Americans, Crimea is not about us

Location of Crimea (dark green) with respect t...

(Photo credit: Wikipedia)

Watching the Sunday morning news shows, there is lot of stupid silly ridiculous commentary, mostly from conservatives out to score political points, that the Crimean crisis is somehow Barack Obama’s fault, that maybe if he had been a stronger, more decisive, more manly leader, Putin wouldn’t have sent troops in.

I’m not going to pretend to understand all the dynamics of what’s happening in Ukraine.  I suspect even the people in the middle of it are operating in a cloud of uncertainty.  The Ukrainian government was overthrown in an non-democratic but populist manner, the Russians sent in troops to protect their Crimean naval base, to acclaim by much of the local population who is considering seceding from Ukraine in hopes of annexation by Russia.  What a mess.  It’s not clear to me who’s “right” in this situation.

But one thing I am certain of, Crimea is not about us, and particularly it’s not about Obama.  Implying that it is is narcissistically self centered to an embarrassing degree before the world.  The situation effects Europe and many of our allies, so we have interests, but we are a distant third party.  Let’s try to remember that.

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5 Responses to Americans, Crimea is not about us

  1. Its about territory and riches, allies and global expansion,
    – so how does that leave us out?
    Personally, I think we ought be involved to work for peaceful solutions – but that always gets translated into expansion somehow too.
    – so what ought we do?

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  2. Larry says:

    You’re completely right that the situation there is not “about” us or Obama, but I think you overstate the complexity of what’s happened. Putin saw an opportunity to take some valuable real estate and understood that taking it wouldn’t start World War 3. But saying that the Ukrainian “government” was overthrown is an overstatement. The Ukrainian President was a thief and an autocrat who responded violently when protests got too intense. He then departed for Russia. The Ukrainian Parliament then put someone in his place and scheduled a new election for May. So I wouldn’t call the process anti-democratic, except in the sense that the President wasn’t impeached. Nor is it clear what percentage of the population in Crimea supports being absorbed by Russia, since the Russians have been doing everything they can to make it seem like (1) they didn’t have troops there at all or (2) their troops were welcome to be there.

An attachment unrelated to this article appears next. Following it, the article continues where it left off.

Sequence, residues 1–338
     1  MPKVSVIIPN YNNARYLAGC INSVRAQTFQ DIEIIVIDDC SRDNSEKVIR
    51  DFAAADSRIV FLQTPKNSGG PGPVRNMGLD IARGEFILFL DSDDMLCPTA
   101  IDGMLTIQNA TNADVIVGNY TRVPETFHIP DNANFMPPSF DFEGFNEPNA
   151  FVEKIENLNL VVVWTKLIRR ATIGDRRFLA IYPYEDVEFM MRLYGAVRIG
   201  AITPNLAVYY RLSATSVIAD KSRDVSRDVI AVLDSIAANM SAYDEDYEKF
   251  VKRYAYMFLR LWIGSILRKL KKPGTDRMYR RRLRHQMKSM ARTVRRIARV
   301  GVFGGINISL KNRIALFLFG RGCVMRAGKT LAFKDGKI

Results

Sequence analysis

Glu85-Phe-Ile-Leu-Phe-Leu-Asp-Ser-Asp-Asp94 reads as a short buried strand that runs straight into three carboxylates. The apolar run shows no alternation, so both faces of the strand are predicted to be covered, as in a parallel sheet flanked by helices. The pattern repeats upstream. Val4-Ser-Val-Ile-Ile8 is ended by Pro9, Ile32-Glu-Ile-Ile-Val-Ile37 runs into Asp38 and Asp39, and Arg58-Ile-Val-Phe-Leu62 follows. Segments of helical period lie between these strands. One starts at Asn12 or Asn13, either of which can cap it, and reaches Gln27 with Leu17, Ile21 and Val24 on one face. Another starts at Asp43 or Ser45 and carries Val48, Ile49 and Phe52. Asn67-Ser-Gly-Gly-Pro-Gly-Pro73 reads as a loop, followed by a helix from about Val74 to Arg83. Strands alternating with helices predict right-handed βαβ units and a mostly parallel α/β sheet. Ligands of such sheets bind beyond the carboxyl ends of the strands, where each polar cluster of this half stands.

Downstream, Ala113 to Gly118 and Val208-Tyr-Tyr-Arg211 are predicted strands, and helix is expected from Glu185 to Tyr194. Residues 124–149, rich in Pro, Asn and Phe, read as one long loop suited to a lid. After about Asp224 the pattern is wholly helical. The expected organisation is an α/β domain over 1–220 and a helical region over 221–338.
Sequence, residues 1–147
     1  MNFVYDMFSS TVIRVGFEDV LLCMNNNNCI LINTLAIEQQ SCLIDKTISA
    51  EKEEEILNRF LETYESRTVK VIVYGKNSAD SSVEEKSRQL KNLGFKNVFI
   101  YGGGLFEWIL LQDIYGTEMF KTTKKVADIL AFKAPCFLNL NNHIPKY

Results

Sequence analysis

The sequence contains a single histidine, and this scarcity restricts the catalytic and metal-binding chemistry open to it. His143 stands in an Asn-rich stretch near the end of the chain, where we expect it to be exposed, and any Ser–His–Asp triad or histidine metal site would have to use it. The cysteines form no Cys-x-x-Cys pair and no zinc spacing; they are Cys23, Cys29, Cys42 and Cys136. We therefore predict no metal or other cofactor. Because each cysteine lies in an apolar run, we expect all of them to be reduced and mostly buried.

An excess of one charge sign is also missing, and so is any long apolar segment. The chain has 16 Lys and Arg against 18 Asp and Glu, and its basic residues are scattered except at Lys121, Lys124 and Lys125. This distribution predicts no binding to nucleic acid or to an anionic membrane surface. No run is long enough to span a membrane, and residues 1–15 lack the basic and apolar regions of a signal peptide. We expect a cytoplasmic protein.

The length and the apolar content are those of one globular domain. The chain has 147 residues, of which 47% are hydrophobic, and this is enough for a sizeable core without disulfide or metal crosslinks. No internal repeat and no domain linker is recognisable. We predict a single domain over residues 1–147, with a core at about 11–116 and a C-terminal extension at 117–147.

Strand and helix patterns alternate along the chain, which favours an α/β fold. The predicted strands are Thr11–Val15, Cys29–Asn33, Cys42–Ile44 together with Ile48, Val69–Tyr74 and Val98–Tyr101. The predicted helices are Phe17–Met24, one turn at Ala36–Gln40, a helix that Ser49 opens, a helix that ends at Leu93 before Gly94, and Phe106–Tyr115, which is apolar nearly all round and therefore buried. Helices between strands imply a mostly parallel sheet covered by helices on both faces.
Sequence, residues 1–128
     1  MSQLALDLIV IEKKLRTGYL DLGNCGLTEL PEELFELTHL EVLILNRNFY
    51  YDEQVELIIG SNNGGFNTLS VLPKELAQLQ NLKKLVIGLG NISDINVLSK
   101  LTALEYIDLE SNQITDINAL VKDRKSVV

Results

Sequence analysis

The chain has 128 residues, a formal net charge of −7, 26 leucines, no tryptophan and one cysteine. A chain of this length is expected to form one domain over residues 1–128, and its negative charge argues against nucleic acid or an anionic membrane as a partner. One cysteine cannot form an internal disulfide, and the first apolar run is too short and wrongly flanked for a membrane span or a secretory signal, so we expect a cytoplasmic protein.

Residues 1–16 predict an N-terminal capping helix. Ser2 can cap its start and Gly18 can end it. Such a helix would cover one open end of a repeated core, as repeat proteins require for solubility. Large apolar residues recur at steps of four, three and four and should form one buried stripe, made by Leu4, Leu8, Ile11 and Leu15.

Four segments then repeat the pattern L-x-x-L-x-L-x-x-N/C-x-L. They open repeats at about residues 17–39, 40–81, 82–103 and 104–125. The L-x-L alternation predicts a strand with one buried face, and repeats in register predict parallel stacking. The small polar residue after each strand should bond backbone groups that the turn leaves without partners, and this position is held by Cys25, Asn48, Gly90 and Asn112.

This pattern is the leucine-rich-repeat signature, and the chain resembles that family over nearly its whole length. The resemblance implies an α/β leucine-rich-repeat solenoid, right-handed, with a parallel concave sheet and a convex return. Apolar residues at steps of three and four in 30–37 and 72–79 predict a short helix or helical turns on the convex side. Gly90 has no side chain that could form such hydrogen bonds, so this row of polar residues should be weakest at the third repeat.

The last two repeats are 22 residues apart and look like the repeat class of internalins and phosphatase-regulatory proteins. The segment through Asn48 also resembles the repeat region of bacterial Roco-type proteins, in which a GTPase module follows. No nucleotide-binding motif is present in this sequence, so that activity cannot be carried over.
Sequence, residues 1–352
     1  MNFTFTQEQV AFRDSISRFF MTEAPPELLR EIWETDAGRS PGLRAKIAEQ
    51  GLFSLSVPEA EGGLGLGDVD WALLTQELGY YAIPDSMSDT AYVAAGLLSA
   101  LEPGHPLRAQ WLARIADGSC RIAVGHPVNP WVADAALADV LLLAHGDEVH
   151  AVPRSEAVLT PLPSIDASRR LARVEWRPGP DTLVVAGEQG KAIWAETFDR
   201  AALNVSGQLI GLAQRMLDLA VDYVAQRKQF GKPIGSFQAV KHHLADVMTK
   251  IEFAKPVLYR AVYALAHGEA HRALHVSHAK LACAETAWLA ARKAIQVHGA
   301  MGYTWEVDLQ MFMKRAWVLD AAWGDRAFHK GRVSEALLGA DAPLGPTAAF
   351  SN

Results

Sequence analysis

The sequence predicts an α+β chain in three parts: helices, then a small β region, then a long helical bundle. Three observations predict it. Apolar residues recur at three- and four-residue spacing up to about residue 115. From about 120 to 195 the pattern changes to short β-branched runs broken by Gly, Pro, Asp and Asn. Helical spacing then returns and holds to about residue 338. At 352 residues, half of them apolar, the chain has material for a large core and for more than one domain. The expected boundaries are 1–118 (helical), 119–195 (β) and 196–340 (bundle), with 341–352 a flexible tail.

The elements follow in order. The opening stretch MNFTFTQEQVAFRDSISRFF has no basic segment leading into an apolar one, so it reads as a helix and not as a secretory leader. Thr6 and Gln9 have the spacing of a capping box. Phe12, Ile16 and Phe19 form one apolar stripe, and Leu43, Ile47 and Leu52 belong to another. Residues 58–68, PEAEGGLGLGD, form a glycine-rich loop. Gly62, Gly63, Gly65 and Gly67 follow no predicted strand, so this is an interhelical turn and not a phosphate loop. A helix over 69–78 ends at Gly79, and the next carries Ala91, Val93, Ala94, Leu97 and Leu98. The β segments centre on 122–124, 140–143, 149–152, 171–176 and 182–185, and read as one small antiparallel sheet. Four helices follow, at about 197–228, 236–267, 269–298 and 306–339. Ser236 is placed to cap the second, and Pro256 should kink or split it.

I recommend a series of blog posts by Timothy Snyder, who’s an expert on the history of Eastern Europe, at the “NY Review of Books” site. This is the latest one, with links to the first two.

    http://www.nybooks.com/blogs/nyrblog/2014/mar/07/crimea-putin-vs-reality/

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  3. Steve Morris says:

    I don’t think this is anything to do with America. It seems to me that the European Union was best placed to solve this problem before it turned into a revolution, but sadly did nothing whatsoever to help.

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